Free Kaesong Park from Politics, Think Tank Says

      December 09, 2014 09:57

      A think tank has called for making the joint Korean Kaesong Industrial Complex a politically neutral place ahead of its 10th anniversary on Dec. 15.

      The Hyundai Research Institute said in a report on Monday that the Kaesong industrial zone should be made a politically neutral region under the principle of separation of politics and economics to minimize exo-economic anxiety risk factors.

      The Kaesong park started operations in December 2004, and eight years later was manufacturing products worth US$470 million annually, with some 54,000 South Korean staffers and North Korean workers.

      The only inter-Korean economic cooperation project currently underway, it accounts for more than 99 percent of inter-Korean trade and transactions.

      It has so far brought South Korea a net income of $3.26 billion and helped North Korea earn $380 million in hard currency, the institute estimated. It mainly provides an opening for smaller players in the South Korean light industry who would otherwise move production overseas in search of cheap labor.

      But only five percent of the originally planned area or 3.3 million sq.m of land has been developed in the Kaesong industrial zone, resulting in a failure to draw more businesses and create more jobs, the institute pointed out. This is because of political and military reasons.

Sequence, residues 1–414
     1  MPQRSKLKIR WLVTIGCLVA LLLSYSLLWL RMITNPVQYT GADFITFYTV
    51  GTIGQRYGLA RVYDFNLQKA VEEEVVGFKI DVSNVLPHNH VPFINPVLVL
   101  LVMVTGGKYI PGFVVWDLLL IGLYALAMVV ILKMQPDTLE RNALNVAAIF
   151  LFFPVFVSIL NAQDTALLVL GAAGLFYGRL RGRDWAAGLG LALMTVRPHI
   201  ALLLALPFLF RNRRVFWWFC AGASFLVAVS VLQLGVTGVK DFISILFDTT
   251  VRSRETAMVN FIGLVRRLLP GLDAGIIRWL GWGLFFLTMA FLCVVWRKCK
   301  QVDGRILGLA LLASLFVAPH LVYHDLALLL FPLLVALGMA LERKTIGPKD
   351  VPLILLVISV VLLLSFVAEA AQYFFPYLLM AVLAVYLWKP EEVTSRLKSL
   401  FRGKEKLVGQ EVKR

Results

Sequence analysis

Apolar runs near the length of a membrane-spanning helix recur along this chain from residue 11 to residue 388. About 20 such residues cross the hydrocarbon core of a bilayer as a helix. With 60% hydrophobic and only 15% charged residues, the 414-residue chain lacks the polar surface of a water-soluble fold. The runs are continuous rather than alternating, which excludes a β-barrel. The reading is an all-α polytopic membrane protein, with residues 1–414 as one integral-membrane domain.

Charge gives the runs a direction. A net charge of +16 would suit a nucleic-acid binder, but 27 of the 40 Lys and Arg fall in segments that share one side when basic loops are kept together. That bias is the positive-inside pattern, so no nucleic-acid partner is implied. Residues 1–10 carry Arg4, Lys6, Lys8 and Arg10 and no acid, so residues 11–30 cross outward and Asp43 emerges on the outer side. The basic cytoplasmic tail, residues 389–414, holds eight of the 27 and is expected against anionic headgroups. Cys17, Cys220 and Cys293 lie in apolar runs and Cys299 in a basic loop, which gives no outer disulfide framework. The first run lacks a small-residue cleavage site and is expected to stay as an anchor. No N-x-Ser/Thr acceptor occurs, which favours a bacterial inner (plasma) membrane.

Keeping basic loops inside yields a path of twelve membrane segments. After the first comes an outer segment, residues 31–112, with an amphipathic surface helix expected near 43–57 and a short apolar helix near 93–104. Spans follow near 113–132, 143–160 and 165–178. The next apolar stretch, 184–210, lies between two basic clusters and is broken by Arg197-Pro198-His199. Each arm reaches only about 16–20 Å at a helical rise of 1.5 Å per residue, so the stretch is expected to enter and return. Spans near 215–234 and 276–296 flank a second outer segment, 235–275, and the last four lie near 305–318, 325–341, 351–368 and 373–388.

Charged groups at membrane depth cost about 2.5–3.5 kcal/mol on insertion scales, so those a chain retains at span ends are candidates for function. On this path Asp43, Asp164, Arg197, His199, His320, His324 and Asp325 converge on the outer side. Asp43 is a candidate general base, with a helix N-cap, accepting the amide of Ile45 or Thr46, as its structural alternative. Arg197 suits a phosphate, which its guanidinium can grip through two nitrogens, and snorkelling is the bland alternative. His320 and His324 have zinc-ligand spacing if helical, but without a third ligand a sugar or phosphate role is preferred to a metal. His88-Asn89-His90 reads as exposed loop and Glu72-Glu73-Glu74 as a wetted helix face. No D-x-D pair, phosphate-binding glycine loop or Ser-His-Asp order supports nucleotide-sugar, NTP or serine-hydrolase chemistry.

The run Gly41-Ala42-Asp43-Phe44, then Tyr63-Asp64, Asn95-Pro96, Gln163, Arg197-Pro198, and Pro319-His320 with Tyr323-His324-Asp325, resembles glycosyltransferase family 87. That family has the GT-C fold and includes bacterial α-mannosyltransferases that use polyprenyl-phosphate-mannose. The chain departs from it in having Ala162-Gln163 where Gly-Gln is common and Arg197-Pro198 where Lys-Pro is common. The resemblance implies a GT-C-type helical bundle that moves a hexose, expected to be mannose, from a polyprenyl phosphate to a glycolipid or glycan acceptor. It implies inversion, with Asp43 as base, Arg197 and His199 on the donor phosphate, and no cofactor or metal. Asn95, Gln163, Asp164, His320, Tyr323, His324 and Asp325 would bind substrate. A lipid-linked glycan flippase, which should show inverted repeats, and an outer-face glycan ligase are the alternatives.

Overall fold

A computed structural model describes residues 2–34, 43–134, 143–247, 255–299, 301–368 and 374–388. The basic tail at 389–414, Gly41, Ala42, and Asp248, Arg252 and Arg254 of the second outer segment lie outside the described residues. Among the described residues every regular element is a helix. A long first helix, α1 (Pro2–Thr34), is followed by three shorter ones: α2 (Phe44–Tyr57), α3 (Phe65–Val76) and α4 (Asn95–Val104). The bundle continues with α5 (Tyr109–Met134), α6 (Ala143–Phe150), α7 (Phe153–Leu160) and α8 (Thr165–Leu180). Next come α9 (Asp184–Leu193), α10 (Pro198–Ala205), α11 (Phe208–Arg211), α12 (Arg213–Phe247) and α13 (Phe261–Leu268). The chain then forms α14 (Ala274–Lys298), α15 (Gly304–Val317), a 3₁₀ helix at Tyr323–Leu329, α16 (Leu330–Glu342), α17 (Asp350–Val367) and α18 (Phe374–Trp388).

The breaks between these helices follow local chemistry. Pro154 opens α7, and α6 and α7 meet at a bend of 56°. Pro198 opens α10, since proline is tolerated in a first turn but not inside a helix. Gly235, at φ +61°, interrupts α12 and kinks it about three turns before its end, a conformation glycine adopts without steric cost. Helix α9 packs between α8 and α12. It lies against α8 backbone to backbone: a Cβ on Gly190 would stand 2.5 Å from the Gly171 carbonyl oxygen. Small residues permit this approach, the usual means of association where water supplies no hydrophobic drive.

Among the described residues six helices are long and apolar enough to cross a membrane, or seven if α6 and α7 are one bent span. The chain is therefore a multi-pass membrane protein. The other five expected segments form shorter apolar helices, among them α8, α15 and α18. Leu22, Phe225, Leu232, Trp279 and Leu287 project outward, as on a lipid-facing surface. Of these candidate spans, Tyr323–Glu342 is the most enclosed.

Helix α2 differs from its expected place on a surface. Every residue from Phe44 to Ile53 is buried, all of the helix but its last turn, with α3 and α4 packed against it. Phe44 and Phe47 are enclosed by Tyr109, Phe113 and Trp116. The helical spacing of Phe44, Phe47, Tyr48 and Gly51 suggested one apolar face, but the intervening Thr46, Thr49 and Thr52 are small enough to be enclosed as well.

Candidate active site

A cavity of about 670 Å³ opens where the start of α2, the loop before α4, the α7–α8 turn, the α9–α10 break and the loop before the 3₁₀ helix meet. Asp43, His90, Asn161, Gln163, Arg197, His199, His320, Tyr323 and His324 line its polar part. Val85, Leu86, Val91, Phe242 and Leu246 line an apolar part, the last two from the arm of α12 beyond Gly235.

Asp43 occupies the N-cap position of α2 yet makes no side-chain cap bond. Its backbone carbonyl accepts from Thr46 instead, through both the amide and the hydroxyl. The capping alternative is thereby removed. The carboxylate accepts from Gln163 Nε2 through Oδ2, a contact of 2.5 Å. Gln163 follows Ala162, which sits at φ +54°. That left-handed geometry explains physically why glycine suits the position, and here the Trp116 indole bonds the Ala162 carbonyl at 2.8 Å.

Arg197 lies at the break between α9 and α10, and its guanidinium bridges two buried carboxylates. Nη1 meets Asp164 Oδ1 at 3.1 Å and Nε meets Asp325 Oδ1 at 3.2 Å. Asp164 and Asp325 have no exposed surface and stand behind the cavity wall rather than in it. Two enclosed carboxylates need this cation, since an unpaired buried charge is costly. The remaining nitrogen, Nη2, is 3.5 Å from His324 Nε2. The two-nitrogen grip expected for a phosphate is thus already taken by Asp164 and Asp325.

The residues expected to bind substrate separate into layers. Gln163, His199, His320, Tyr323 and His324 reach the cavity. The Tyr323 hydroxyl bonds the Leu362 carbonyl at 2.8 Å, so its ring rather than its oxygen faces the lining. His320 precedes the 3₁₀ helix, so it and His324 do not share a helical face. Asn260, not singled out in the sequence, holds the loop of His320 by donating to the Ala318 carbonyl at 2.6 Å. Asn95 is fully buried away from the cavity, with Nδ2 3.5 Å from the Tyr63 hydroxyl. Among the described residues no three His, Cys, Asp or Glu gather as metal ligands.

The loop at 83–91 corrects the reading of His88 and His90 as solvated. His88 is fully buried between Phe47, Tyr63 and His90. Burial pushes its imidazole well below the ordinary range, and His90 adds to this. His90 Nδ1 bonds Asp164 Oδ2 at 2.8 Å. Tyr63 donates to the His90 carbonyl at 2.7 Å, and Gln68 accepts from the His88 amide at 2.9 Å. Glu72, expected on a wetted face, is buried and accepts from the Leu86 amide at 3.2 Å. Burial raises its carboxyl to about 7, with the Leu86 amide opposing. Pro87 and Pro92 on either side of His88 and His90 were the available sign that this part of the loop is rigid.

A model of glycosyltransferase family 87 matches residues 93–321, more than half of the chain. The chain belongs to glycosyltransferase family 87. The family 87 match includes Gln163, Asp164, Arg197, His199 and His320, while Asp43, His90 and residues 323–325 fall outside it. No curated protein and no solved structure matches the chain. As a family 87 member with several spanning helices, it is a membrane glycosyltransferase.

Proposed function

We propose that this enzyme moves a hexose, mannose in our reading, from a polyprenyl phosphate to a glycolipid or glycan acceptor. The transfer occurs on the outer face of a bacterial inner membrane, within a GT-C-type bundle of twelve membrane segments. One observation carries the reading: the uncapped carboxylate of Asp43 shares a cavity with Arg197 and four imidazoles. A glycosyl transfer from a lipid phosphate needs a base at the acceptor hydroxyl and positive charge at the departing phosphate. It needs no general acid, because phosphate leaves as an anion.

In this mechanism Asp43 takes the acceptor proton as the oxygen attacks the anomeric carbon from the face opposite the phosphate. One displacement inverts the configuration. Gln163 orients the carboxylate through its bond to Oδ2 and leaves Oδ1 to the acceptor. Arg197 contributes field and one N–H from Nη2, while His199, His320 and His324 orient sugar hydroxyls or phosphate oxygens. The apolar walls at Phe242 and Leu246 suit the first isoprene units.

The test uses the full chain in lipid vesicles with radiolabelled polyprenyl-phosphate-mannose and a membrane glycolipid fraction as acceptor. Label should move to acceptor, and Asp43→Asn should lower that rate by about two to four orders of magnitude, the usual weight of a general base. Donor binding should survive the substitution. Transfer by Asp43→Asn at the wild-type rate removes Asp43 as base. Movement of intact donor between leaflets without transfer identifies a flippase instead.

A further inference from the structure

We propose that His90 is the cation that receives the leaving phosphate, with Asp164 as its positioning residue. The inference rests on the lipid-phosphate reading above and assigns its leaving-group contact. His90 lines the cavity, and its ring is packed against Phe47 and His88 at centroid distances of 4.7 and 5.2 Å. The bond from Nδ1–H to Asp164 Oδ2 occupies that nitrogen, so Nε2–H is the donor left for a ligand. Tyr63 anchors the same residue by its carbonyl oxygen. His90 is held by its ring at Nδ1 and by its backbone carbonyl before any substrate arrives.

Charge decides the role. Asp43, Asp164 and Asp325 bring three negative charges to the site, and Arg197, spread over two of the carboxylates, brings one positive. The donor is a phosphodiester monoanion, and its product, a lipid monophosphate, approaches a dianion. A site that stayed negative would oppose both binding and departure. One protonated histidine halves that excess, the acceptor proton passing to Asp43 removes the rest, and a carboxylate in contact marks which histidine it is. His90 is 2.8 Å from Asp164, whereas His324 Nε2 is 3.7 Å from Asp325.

Political uncertainties and security concerns have put investors off and at one stage led to a temporary closure of several months, which had the knock-on effect of alienating customers. Other stumbling blocks are that cross-border transportation and customs clearance are not available around the clock and Internet and mobile phones cannot be used freely.

      "From the political and socio-cultural standpoint, the Kaesong industrial park played a role as a minimum safety valve to keep inter-Korean ties stable even when other communication broke down," Hong Soon-jik of the institute said. "But now the two Koreas must allow investment in the industrial park to produce high value-added products and turn it into an integrated industrial zone, where tourism, commerce and trade and logistics meet."

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